*****Specifically, donor T-cells recognize host HLA antigens & mount a Type IV reaction

37

Describe the appearance of hyperacute rejection in tissue.

Immune complex fomration leads to:
- Fibrinoid necrosis
- Vasculitis
- Thrombosis & ischemia

38

What mechansisms of hypersensitivity mediate acute rejection?

II
III
IV

39

What is the tissue hallmark in acute rejection?

Inflammation with lymphocytic infiltrates & tubular necrosis

40

What is the predominant cell types in acute rejection?

Lymphocyte

41

What kind of vascular injury is seen in acute rejection?

1) Necrotizing vasculitis
2) Intimal thickening due to accumulation of fibroblasts, foamy macrophages, & myocytes

42

What are the mechanisms that mediate chronic rejection?

Type II, III, & IV

43

What are the morphological characteristics of chronic rejection?

Vascular changes, intersisital fibrosis, tubular atrophy, chronic inflammation

44

What is the triad of acute liver rejection?

1) Portal tract inflammation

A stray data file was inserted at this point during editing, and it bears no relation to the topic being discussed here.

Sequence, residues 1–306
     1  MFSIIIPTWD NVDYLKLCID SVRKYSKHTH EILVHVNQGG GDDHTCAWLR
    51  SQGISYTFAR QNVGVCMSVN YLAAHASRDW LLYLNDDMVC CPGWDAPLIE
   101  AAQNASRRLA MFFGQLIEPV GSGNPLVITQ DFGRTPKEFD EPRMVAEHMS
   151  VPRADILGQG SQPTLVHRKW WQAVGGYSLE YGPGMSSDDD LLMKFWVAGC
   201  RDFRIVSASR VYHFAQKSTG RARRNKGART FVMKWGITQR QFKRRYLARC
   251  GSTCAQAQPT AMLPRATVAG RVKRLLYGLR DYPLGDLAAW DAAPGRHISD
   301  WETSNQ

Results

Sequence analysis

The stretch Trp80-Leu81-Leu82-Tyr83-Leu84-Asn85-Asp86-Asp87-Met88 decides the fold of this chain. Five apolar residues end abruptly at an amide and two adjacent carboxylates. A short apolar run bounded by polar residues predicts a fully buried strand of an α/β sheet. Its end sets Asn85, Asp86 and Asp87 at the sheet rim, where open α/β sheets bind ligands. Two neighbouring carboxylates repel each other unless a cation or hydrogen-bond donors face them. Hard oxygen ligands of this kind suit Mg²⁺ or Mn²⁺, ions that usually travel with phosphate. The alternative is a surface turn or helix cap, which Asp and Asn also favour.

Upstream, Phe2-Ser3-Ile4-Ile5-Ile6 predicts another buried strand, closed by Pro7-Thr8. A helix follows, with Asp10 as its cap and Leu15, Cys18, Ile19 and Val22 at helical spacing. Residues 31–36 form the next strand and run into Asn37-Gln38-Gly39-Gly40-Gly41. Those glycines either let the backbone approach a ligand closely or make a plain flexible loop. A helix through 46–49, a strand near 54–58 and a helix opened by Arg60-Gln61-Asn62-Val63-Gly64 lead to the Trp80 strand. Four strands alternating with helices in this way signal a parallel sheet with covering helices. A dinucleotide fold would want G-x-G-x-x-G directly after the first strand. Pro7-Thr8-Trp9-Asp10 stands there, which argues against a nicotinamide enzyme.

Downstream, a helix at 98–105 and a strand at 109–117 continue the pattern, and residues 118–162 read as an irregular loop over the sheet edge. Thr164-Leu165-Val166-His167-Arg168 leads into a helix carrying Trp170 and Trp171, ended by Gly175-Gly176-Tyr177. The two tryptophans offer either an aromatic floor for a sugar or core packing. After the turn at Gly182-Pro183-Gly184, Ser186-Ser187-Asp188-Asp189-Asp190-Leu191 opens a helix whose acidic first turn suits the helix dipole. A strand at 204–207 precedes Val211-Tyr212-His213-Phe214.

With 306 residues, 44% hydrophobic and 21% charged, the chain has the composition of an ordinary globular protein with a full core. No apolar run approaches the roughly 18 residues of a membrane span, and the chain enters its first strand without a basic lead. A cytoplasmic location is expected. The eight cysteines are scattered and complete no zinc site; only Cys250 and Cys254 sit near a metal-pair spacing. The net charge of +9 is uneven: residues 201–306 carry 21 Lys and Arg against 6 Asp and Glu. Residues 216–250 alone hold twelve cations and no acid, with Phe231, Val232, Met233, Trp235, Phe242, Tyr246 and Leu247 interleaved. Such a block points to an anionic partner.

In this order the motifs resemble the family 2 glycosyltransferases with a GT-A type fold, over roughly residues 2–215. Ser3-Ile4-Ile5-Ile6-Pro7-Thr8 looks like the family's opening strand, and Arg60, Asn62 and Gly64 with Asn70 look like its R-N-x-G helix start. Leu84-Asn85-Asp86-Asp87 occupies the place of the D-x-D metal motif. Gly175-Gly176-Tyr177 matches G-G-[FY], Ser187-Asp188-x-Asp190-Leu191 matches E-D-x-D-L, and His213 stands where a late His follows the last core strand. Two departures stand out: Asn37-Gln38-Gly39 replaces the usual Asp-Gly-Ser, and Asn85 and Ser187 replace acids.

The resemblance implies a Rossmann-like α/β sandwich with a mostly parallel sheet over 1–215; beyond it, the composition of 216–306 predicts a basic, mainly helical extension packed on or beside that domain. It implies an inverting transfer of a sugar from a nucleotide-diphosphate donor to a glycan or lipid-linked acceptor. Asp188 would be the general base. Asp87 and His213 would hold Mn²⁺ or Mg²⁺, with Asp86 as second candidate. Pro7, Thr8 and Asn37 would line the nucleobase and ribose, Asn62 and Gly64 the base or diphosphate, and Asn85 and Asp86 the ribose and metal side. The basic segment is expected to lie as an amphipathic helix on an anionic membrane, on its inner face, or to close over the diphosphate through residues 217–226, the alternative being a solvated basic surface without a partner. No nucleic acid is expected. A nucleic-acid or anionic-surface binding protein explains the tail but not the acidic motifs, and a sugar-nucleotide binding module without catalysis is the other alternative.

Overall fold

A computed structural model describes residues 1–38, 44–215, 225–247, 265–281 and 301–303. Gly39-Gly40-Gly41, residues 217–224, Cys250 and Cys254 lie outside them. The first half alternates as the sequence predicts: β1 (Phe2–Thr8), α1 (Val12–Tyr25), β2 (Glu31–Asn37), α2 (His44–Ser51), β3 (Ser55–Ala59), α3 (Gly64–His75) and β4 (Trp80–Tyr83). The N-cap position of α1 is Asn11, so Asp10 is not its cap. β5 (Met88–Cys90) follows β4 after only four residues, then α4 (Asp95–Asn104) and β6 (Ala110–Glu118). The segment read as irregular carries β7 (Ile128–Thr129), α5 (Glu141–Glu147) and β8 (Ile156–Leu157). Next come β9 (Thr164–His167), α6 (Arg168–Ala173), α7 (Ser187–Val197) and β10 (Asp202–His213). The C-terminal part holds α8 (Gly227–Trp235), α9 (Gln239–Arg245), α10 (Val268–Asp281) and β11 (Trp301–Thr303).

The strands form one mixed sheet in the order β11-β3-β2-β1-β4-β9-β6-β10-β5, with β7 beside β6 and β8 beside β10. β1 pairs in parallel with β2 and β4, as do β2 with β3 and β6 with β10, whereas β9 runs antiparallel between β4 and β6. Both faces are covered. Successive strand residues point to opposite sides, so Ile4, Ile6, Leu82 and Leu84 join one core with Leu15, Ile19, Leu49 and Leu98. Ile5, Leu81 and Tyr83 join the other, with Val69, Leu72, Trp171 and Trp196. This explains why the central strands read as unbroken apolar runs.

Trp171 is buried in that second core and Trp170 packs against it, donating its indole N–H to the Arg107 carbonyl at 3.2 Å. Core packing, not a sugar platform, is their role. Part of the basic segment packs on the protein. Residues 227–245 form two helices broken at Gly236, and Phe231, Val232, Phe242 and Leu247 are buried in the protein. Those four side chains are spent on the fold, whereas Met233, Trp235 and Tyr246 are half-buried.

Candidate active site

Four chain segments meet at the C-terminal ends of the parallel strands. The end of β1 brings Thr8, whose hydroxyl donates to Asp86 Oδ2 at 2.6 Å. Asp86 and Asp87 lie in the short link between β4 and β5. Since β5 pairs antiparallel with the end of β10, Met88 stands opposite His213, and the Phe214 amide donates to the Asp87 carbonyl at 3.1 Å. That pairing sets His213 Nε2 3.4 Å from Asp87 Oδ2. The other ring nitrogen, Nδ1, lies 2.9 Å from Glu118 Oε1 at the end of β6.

2) Bile duct epithelial damage
3) Endothelitis of portal vein & hepatic artery branches

45

What is heart transplant indicated for?

Advanced, irreversible myocardial disease with intractable CHF

46

What are the mechanisms of heart transplant rejection?

Classic cellular rejection with interstitial & perivascular T-cell infiltrates that cause MYOCYTE necrosis
- Don't grow back

47

What happens in acute rejection of the heart transplant?

Cell mediated destruction of cardiac myocytes.

48

What are the complications of cardiac transplant?

- Graft arteriopathy
- Malignancy that happens in the setting of immunosuppression

49

What is a hematopoietic transplant?

Bone marrow transplant for:
1) Hematologic disorder
2) Non-hematologic malignancy
3) Immunodeficiency